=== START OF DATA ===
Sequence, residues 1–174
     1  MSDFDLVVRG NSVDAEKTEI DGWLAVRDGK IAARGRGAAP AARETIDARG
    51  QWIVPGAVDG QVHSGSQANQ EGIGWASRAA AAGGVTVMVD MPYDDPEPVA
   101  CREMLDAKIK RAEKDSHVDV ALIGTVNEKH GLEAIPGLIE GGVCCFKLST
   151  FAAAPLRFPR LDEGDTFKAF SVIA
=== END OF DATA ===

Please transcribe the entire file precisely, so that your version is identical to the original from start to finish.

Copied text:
Sequence, residues 1–174
     1  MSDFDLVVRG NSVDAEKTEI DGWLAVRDGK IAARGRGAAP AARETIDARG
    51  QWIVPGAVDG QVHSGSQANQ EGIGWASRAA AAGGVTVMVD MPYDDPEPVA
   101  CREMLDAKIK RAEKDSHVDV ALIGTVNEKH GLEAIPGLIE GGVCCFKLST
   151  FAAAPLRFPR LDEGDTFKAF SVIA